Turned out it was a billboard for a local hardware store. The ad text, nigh invisible from the original distance, made it 100% obvious that the sexualised poses weren’t accidental. It read, basically, “can’t imagine these three together? We can.”
Twenty four hours later I’m still bothered by the billboard’s existence. I sincerely hope it’s losing them business, if only so people will one day stop saying “sex sells” when talking about advertising things that have nothing to do with sex (unless, of course, this is a sex shop for those with a hardware fetish, but somehow I doubt it).
I wrote a bunch of emails yesterday, largely just saying hello to a bunch of people I haven’t seen in a while. Most of them were people I knew pre-email and aren’t really email type people, but I figured there wasn’t much to lose and tried it anyway.
Afterwards I sat down and wrote. About a twelve hundred words on a story titled Waiting for the Steamer on the Docks of V—, which will probably not be the final title, but amuses me for the moment because I like it when older stories use an initial and an em-dash instead of an actual name, even if I’ve never precisely understood why it happens. I’m somewhat fond of this story, already, and I have not been fond of any story I’ve written in its nascent form for quite some time. Because of this, I shall engage in WIP excerptery:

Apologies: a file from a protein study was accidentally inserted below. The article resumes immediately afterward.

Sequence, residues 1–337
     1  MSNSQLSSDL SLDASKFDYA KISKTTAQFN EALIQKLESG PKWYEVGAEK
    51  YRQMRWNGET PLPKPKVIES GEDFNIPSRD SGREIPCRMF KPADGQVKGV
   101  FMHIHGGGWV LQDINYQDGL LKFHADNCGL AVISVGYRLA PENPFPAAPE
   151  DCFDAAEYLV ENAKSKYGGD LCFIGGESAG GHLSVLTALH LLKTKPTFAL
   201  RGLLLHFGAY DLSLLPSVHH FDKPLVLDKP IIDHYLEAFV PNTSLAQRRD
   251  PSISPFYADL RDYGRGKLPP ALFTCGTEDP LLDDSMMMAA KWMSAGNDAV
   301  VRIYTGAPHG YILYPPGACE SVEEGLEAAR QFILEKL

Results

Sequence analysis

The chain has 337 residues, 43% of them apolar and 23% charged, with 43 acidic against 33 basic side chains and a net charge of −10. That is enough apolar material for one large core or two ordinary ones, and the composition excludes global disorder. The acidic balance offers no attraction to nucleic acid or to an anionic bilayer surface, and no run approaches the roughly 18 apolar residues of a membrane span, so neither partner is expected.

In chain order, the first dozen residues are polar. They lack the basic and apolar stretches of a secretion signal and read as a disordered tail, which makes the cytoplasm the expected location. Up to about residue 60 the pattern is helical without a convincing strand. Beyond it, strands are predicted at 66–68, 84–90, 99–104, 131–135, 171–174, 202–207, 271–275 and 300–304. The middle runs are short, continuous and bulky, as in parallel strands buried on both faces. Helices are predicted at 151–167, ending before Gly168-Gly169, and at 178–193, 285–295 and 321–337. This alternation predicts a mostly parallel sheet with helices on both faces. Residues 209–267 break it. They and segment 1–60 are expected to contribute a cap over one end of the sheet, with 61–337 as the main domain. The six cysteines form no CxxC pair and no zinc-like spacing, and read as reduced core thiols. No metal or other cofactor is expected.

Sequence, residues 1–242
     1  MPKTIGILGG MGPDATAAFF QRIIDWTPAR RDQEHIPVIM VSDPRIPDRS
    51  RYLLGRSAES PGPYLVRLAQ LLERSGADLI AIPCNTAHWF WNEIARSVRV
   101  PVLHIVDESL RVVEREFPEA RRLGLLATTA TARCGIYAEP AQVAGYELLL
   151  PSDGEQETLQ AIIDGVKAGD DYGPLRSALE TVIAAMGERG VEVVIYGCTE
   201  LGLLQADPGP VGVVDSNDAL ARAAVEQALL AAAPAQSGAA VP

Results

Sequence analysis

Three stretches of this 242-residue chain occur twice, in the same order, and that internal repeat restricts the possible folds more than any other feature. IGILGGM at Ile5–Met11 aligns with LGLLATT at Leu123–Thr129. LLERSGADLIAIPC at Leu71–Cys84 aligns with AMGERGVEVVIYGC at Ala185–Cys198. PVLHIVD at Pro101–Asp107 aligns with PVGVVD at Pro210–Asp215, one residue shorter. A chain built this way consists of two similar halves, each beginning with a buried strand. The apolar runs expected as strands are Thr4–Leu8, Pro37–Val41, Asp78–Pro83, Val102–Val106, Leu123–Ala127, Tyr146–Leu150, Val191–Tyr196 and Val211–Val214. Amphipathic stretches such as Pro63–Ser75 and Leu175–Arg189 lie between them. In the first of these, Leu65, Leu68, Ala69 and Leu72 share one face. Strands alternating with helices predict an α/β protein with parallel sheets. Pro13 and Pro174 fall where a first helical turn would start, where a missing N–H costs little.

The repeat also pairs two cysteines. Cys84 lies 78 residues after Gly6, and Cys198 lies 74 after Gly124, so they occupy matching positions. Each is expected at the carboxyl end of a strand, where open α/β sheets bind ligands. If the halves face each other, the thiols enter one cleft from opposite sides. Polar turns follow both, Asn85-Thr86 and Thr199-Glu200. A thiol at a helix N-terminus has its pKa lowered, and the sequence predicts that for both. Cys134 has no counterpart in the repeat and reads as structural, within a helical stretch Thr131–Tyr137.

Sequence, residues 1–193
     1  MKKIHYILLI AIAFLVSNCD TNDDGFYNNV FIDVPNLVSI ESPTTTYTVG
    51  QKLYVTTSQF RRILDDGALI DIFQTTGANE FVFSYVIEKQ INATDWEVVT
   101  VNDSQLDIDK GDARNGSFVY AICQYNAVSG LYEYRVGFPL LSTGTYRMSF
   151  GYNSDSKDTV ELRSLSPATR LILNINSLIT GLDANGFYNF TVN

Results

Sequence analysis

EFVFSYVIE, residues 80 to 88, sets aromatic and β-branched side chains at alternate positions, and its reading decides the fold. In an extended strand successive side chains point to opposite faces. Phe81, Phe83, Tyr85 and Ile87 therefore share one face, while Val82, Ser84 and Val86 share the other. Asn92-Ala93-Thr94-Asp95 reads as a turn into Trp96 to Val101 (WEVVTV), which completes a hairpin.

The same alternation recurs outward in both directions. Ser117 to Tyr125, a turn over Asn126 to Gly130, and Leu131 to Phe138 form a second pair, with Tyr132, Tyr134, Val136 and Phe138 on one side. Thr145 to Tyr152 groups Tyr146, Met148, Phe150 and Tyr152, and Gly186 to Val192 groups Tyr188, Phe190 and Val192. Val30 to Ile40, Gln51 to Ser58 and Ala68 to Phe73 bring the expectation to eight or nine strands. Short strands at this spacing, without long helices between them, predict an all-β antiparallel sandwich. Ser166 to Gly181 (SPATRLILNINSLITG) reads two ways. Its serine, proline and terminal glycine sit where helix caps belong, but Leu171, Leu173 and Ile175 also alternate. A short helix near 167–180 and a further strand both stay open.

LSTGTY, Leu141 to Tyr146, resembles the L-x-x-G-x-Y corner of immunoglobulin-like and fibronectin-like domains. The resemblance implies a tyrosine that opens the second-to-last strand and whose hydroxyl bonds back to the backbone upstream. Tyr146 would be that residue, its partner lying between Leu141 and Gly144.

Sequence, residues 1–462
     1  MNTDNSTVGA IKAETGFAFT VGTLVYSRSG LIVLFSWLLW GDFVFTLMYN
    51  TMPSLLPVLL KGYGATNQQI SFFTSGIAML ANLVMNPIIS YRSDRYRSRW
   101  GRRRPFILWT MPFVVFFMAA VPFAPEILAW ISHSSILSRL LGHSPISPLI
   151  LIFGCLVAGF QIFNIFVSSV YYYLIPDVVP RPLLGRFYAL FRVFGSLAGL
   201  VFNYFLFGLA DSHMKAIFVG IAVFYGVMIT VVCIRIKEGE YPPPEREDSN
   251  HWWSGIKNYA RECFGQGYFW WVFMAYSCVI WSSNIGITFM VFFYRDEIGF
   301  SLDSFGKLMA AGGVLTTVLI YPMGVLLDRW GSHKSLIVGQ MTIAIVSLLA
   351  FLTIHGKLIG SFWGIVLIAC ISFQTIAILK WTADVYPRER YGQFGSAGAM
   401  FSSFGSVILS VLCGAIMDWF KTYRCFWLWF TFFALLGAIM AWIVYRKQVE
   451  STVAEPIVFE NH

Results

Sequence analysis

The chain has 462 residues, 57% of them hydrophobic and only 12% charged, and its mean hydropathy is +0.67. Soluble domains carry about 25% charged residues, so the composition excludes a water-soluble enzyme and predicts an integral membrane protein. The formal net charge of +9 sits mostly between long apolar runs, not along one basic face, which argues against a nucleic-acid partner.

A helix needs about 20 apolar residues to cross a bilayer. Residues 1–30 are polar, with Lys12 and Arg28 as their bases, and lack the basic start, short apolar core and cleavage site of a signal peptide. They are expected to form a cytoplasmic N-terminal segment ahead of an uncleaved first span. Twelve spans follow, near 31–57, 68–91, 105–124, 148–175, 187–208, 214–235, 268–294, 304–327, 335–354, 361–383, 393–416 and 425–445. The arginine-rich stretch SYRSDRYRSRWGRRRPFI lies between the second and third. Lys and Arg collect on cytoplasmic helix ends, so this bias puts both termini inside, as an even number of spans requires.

Patrick chooses the café where we eat breakfast. We walk up a narrow flight of stairs and sit on a terrace balcony, looking down the long street filled with cyclists and porters and beggars clustered around the alleyways. The café has glass tabletops that are damp with morning condensation, the droplets of water still touched with the brown of the river. There are streaks of dirt on the red tile floor. The café was recommended by a friend of Patrick’s back in Brisbane. I wonder if we too will recommend it once the distance of hindsight banishes the horror of eating there.